Disney on Tuesday revealed that Avengers: Endgame passed the R100 million mark in the local South African Box Office this past weekend. The movie…
Last week, the Galaxy Note 9 was announced by Korean smartphone maker Samsung. It’s the largest Note device that Samsung has produced, and packs a number of new features. But how does the new Note stack up against more established competition, like the Huawei P20 Pro?
We take a look at the key numbers and features of each flagship smartphone.
The Huawei P20 Pro takes a bold design leap beyond its predecessor. Packing new technology into a slimmer shell, its hard not to notice its screen notch and triple rear cameras.
It’s also easier to hold and use thanks to its slim 6.1 inch screen, narrow edges and 7.8 mm thin aluminium frame. Available in a number of colours — most notably, the Twilight option — it’s also the prettier of the two devices.
The Samsung Galaxy Note 9 could easily be mistaken for the Note 8 bar its larger footprint. It is larger and thicker than the outgoing Note, and also features Samsung’s S Pen stylus.
Samsung’s Note 9 launched with its Experience UI and Android 8.1 Oreo. The company hasn’t yet announced update plans to Android 9 Pie.
Huawei has confirmed that the P20 Pro will receive its EMUI-powered Android 9 Pie update in October.
And for gamers, Huawei’s GPU Turbo — the revolutionary graphics processing acceleration technology — is also coming to your pocket soon to further increase frame rates of your favourite titles.
With a 2160×1080 vivid AMOLED display, the Huawei P20 Pro features a screen density of 408 pixels per inch. Colours in photographs and videos pop while the screen also supports HDR10 for deeper contrasts on Netflix and YouTube.
The Samsung Galaxy Note 9’s tapered screen also uses AMOLED technology. It features a resolution of 2960×1440, with a pixel density of 516 pixels per inch. It also supports HDR10. But with a 6.3-inch screen, the phone is more difficult to hold comfortably while streaming shows or playing games.
Huawei uses a HiSilicon Kirin 970 chipset in the P20 Pro, crafted using the 10nm manufacturing process.
The Kirin 970 features eight cores, four of which are clocked up to 2.4GHz. It also uses the ARM Mali-G72 MP12 GPU to drive video and run games. 6GB of RAM and 128GB of internal storage completes the package.
Notably, the Kirin 970 also features an AI processor, known as the Neural Processing Unit which powers the P20 Pro’s photography prowess.
Samsung’s Note 9 uses the Exynos 9810, the same chip that features in the Galaxy S9. It also has eight processing cores, with four clocked up to 2.7GHz. To drive graphics on its screen, the Samsung uses the ARM Mali-G72 MP18, features 6GB of RAM and 128GB of storage in the base version.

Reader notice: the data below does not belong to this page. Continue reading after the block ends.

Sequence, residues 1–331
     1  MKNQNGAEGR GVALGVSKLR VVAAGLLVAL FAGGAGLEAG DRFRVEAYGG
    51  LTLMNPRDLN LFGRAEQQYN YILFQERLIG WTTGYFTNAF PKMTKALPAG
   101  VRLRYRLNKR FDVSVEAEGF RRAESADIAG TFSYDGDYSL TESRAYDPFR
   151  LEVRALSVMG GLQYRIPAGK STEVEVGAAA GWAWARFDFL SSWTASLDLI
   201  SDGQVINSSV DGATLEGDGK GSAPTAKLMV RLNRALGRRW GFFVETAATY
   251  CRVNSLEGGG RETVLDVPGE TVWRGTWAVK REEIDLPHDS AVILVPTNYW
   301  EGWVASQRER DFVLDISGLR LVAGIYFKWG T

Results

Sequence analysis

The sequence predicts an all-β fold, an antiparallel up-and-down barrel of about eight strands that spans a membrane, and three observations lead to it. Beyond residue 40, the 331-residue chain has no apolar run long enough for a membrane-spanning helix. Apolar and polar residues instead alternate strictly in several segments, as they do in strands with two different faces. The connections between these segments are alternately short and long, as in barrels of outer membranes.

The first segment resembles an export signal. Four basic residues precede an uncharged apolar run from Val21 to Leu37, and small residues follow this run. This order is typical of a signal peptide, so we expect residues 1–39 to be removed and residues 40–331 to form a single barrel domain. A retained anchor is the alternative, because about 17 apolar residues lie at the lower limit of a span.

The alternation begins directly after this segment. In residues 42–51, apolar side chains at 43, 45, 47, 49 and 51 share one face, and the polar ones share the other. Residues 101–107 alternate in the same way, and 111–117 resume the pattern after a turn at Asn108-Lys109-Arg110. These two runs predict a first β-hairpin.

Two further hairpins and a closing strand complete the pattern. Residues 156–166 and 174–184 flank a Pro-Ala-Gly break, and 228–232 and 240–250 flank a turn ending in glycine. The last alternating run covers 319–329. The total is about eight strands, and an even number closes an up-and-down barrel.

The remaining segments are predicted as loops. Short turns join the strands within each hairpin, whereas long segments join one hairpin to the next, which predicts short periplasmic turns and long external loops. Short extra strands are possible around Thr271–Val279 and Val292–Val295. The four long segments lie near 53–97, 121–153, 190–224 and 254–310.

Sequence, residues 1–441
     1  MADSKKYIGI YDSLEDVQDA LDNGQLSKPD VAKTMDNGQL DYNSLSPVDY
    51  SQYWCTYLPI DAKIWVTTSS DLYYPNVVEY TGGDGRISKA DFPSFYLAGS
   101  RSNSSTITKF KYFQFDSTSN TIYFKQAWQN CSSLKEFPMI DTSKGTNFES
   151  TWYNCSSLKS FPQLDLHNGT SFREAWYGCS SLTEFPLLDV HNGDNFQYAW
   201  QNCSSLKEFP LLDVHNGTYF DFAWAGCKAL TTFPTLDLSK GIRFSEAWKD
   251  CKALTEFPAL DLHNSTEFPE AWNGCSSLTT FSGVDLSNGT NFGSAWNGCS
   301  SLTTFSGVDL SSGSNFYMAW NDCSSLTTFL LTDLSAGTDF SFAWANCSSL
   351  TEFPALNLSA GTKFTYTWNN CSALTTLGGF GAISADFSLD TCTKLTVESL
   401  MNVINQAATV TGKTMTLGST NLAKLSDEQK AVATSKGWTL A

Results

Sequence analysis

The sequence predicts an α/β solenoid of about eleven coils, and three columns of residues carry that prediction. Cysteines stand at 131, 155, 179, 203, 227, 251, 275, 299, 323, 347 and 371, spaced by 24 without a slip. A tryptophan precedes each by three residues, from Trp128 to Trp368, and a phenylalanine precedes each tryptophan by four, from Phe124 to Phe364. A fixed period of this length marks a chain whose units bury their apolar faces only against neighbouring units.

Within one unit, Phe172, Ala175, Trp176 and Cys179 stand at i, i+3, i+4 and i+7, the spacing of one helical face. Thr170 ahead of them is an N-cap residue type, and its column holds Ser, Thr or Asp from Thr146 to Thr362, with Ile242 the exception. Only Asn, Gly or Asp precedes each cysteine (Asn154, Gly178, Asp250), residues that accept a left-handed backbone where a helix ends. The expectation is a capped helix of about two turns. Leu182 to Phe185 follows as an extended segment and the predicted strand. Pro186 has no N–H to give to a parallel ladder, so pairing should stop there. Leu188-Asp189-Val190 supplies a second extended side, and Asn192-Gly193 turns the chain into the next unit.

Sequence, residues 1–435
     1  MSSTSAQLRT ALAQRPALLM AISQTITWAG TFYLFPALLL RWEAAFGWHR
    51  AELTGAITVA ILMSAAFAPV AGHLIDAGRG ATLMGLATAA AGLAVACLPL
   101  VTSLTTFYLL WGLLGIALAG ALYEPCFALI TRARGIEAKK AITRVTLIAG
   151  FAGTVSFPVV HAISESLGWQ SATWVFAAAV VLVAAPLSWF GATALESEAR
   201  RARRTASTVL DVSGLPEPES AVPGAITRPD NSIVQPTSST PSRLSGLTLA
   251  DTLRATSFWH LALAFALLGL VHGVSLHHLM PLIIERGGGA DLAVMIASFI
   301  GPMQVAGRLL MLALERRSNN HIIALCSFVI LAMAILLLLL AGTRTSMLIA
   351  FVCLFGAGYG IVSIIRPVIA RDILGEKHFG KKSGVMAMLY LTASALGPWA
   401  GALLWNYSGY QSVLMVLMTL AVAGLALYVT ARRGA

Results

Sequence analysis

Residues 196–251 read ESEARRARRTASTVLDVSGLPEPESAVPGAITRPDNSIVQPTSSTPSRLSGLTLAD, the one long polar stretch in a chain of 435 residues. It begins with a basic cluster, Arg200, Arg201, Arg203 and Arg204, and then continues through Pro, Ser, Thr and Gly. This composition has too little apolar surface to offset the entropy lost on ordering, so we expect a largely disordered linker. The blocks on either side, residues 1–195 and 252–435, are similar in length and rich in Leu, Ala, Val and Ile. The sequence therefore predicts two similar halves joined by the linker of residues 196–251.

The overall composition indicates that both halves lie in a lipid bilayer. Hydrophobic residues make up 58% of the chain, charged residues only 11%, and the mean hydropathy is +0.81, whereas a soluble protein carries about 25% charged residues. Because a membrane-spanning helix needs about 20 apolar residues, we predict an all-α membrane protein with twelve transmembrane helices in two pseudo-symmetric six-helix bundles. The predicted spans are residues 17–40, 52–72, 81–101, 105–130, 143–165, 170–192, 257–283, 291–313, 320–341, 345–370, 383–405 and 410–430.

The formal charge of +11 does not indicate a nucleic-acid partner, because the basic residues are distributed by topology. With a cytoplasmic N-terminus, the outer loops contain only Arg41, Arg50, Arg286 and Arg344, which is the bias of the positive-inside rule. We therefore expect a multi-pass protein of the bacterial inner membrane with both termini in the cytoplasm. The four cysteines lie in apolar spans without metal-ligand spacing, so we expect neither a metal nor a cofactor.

Although the Samsung also features a 512GB storage version, and includes a microSD card slot, 128GB is more than enough for storing your favourite moments.
The Huawei P20 Pro features three distinct Leica cameras at the rear, each with a different purpose: a 40MP colour snapper, a 20MP black and white camera, and an 8MP camera that enabled 3x optical zoom.
This means that images that would previously require a DSLR with a zoom lens can now be taken by the P20 Pro.
Night shots are also the phone’s specialty. The 40MP and 20MP images are combined using Huawei’s AI wizardry, resulting in a more accurate interpretation of contrast, white balance and saturation.
Samsung has gone with two cameras at the rear, both featuring 12MP sensors. One has Samsung’s dual aperture technology — which increases or decreases the aperture of the lens when light is present or absent — while the other enables 2x optical zoom.
Samsung’s camera now also attempts to identify the subject of your photo — be it a flower or fruit — a feature that appeared on the Huawei P20 Pro first.
Huawei’s P20 Pro features a 4000mAh battery slotted into a much slimmer package. And with fewer pixels to power, battery life is excellent.
When that battery eventually runs low, Huawei’s Supercharge gives users a day’s worth of usage from a 30 minute charge. It too has been certified as safe by Germany’s TUV.
The Samsung on the other hand is a much heavier phone, but it also features a 4000mAh battery, an upgrade from the Note 8’s 3300mAh. It features wireless charging as well as fast charging technology, but battery technology has never been Samsung’s strong suit.
Huawei’s P20 Pro features IP67 dust and water resistance, fingerprint and face unlock as well as voice shot control for taking selfies. It’s Knuckle Gestures 3.0 allows users to open apps with a number of swipes.
The Note 9’s S Pen can be used as a remote shutter for taking pictures. It has IP68 water and dust resistance, while it also features iris scanning. However, its fingerprint reader is not easily accessible to those with smaller hands.
The Samsung Galaxy Note 9 is set to be the more expensive of the two phones, selling for R18 999 once it launches in South Africa. Contracts will begin from R899 per month.
The Huawei P20 Pro however initially launched at a price of just R15 499, with contracts beginning at R649 per month.
Feature image: Huawei